The Call of Duty maker responds to the CMA's competition concerns by claiming the regulator doesn't understand the gaming market while Microsoft says "solutions" will be found.
The UK's competition watchdog has moved a step closer to potentially blocking Microsoft's planned $69bn (£56bn) takeover of Call of Duty gaming firm Activision.
In a provisional ruling, the Competition and Markets Authority (CMA) said the proposed tie-up could lead to higher prices, fewer choices and less innovation for UK gamers.
Activision responded by claiming the regulator did not understand the market.
The massive deal, first announced over a year ago, was designed to bolster Xbox maker Microsoft's position in the lucrative gaming sector.
Signing up subscribers has become a priority for big tech firms as traditional growth areas such as ad sales becomes less reliable.
But Microsoft's strategy has been met with a series of complaints from competitors, including Sony, and regulators globally.
The US Federal Trade Commission (FTC) has already moved to block the deal on similar competition grounds, with a hearing due in August.
The CMA began its in-depth probe in September last year after deciding further work on its implications was warranted.
The regulator said on Wednesday that it had given both parties the
opportunity to resolve its concerns through possible remedies before a
final decision, that could result in the deal being blocked, was to be
Call of Duty's popularity has proved a battleground in the takeover saga.
That would be announced by 26 April, the statement said.
It explained: The CMA provisionally found that weakening competition by restricting the access that other platforms have to Activision's games could substantially reduce the competition between Xbox and (Sony) PlayStation in the UK, in turn harming UK gamers.
Xbox and PlayStation compete closely with each other at present and access to the most important content, like CoD, is an important part of that competition.
"Reducing this competition between Microsoft and Sony could result in all gamers seeing higher prices, reduced range, lower quality, and worse service in gaming consoles over time."
Martin Coleman, who chairs the CMA's investigation panel, added: "It's been estimated that there are around 45 million gamers in the UK, and people in the UK spend more on gaming than any other form of entertainment including music, movies, TV, and books.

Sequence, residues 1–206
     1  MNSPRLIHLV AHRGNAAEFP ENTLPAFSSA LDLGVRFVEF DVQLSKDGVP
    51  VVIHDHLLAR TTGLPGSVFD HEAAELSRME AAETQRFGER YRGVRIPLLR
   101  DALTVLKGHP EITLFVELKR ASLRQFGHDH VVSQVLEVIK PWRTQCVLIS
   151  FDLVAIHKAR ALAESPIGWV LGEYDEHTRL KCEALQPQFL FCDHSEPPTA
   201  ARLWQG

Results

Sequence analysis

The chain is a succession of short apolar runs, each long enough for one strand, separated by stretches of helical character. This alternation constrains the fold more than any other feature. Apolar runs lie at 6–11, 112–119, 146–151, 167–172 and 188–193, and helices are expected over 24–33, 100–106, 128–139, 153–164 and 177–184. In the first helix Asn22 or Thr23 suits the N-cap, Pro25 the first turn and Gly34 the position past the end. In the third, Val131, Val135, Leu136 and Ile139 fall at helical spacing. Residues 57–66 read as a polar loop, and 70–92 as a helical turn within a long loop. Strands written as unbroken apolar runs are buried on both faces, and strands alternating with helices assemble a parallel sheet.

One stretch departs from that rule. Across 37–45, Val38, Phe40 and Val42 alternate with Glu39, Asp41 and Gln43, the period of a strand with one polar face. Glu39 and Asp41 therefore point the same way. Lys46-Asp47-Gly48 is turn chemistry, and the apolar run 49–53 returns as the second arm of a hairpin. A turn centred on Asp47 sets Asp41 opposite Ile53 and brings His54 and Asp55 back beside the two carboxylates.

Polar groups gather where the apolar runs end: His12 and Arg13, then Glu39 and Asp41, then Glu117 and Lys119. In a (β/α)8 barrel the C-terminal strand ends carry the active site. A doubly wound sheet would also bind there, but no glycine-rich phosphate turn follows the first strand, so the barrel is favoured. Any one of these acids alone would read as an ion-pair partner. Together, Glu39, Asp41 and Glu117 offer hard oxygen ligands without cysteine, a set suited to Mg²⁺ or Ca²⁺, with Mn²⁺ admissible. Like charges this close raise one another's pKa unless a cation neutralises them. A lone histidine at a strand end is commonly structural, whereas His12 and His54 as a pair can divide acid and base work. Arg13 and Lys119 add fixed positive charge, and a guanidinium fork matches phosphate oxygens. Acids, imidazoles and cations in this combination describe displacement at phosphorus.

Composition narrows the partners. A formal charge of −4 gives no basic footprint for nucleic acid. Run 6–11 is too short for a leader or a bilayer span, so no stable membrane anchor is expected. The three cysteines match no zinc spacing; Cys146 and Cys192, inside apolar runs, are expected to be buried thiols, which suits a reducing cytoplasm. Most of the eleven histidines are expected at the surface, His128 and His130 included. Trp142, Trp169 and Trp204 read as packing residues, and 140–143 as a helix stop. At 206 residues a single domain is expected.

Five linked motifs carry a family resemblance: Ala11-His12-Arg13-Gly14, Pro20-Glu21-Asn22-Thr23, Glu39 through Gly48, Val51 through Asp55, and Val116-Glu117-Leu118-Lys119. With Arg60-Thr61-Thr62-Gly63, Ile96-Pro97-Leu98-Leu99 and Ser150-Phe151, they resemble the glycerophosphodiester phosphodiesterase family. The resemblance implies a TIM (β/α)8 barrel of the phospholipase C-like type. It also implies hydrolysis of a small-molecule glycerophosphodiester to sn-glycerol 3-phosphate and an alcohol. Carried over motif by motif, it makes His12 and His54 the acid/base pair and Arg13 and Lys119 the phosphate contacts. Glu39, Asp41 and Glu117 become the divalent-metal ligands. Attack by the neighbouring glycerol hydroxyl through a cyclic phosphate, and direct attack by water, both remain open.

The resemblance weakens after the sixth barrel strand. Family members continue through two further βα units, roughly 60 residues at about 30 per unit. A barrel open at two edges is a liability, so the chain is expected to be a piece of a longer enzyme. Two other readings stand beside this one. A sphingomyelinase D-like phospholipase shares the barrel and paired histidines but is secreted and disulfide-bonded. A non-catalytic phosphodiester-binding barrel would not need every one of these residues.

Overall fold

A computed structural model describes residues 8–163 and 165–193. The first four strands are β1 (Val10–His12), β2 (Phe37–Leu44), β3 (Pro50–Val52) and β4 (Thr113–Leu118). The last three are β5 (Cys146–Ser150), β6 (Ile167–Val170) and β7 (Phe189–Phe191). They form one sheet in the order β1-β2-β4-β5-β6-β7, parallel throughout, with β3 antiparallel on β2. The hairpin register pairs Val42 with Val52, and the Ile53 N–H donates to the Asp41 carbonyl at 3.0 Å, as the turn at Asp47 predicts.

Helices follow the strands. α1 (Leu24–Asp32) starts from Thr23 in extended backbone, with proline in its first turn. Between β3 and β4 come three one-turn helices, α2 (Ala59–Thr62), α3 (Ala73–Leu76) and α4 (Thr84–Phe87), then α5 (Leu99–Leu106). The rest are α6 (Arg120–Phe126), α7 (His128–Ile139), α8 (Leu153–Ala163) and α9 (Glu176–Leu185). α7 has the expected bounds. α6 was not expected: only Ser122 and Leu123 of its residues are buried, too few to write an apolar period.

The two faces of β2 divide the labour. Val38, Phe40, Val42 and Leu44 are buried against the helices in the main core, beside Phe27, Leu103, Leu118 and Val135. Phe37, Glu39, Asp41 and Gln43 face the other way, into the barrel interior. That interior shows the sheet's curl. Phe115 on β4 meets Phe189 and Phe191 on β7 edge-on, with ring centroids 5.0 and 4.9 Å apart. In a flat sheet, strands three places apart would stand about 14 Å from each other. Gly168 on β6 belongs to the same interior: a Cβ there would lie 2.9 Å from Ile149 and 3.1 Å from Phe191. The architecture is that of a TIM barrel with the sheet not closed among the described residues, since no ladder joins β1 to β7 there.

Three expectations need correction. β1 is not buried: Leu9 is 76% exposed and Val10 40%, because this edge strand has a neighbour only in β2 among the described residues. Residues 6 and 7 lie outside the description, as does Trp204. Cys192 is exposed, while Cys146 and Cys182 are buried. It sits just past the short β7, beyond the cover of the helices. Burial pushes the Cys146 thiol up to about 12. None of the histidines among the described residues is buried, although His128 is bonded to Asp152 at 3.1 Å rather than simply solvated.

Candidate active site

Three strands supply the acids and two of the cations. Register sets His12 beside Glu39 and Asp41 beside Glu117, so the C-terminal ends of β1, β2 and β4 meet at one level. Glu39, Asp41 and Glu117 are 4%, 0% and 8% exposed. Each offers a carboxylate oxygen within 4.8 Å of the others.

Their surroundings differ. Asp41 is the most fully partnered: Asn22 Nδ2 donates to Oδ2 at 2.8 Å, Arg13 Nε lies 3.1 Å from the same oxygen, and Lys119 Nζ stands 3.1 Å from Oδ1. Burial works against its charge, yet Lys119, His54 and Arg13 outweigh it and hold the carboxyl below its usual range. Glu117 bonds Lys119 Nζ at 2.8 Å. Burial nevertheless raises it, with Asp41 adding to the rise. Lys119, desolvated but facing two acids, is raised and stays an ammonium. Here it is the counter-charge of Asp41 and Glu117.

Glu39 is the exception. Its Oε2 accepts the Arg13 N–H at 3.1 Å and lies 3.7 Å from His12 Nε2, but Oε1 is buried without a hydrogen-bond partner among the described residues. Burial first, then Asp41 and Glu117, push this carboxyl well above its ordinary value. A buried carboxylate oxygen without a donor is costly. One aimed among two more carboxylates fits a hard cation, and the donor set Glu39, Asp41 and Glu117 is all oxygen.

"Strong competition between Xbox and PlayStation has defined the console gaming market over the last 20 years.
"Exciting new developments in cloud gaming are giving gamers even more choice.
"Our job is to make sure that UK gamers are not caught in the crossfire of global deals that, over time, could damage competition and result in higher prices, fewer choices, or less innovation.
"We have provisionally found that this may be the case here."
Microsoft and Activision were given until 22 February to submit their responses - including to the CMA's proposed remedies.
It has consistently batted off the criticism of regulators but entered a 10-year commitment to offer Call of Duty, the popular first-person shooter series, to Nintendo and Sony platforms.
Activision responded: "We hope between now and April we will be able to help the CMA better understand our industry to ensure they can achieve their stated mandate to promote an environment where people can be confident they are getting great choices and fair deals, where competitive, fair-dealing business can innovate and thrive, and where the whole UK economy can grow productively and sustainably."
Rima Alaily, Microsoft's corporate vice president, said: "We are committed to offering effective and easily enforceable solutions that address the CMA's concerns.
"Our commitment to grant long-term 100% equal access to Call of Duty to Sony, Nintendo, Steam and others preserves the deal's benefits to gamers and developers and increases competition in the market.
"75% of respondents to the CMA's public consultation agree that this deal is good for competition in UK gaming."